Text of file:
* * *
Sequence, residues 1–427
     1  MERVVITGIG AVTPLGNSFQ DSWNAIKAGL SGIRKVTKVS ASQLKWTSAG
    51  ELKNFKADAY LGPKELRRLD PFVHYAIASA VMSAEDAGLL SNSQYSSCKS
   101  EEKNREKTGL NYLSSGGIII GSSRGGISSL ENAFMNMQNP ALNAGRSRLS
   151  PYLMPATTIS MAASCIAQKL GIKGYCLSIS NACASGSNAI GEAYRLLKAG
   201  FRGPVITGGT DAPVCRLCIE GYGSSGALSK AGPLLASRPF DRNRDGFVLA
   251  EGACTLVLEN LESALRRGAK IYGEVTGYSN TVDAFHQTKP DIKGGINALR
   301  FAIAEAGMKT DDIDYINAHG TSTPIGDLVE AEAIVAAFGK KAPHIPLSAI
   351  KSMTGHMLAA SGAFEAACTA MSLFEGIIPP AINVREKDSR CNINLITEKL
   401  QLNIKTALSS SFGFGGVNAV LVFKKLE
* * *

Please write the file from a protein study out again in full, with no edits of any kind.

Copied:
Sequence, residues 1–427
     1  MERVVITGIG AVTPLGNSFQ DSWNAIKAGL SGIRKVTKVS ASQLKWTSAG
    51  ELKNFKADAY LGPKELRRLD PFVHYAIASA VMSAEDAGLL SNSQYSSCKS
   101  EEKNREKTGL NYLSSGGIII GSSRGGISSL ENAFMNMQNP ALNAGRSRLS
   151  PYLMPATTIS MAASCIAQKL GIKGYCLSIS NACASGSNAI GEAYRLLKAG
   201  FRGPVITGGT DAPVCRLCIE GYGSSGALSK AGPLLASRPF DRNRDGFVLA
   251  EGACTLVLEN LESALRRGAK IYGEVTGYSN TVDAFHQTKP DIKGGINALR
   301  FAIAEAGMKT DDIDYINAHG TSTPIGDLVE AEAIVAAFGK KAPHIPLSAI
   351  KSMTGHMLAA SGAFEAACTA MSLFEGIIPP AINVREKDSR CNINLITEKL
   401  QLNIKTALSS SFGFGGVNAV LVFKKLE